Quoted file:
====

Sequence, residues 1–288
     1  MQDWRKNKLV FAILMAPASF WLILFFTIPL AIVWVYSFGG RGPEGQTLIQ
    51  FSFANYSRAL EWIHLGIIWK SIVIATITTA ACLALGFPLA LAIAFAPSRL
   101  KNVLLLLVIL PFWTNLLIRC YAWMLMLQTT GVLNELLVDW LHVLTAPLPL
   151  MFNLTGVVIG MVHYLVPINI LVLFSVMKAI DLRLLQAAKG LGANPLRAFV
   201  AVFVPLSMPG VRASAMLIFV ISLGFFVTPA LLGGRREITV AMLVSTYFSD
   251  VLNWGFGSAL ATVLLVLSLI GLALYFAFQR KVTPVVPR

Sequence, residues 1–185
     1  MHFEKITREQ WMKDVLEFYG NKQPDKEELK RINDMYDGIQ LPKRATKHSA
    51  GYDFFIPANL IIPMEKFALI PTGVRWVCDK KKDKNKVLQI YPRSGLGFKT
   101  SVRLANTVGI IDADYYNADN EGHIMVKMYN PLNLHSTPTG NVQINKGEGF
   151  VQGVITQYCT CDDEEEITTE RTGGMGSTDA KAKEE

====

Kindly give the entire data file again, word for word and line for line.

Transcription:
Sequence, residues 1–288
     1  MQDWRKNKLV FAILMAPASF WLILFFTIPL AIVWVYSFGG RGPEGQTLIQ
    51  FSFANYSRAL EWIHLGIIWK SIVIATITTA ACLALGFPLA LAIAFAPSRL
   101  KNVLLLLVIL PFWTNLLIRC YAWMLMLQTT GVLNELLVDW LHVLTAPLPL
   151  MFNLTGVVIG MVHYLVPINI LVLFSVMKAI DLRLLQAAKG LGANPLRAFV
   201  AVFVPLSMPG VRASAMLIFV ISLGFFVTPA LLGGRREITV AMLVSTYFSD
   251  VLNWGFGSAL ATVLLVLSLI GLALYFAFQR KVTPVVPR

Sequence, residues 1–185
     1  MHFEKITREQ WMKDVLEFYG NKQPDKEELK RINDMYDGIQ LPKRATKHSA
    51  GYDFFIPANL IIPMEKFALI PTGVRWVCDK KKDKNKVLQI YPRSGLGFKT
   101  SVRLANTVGI IDADYYNADN EGHIMVKMYN PLNLHSTPTG NVQINKGEGF
   151  VQGVITQYCT CDDEEEITTE RTGGMGSTDA KAKEE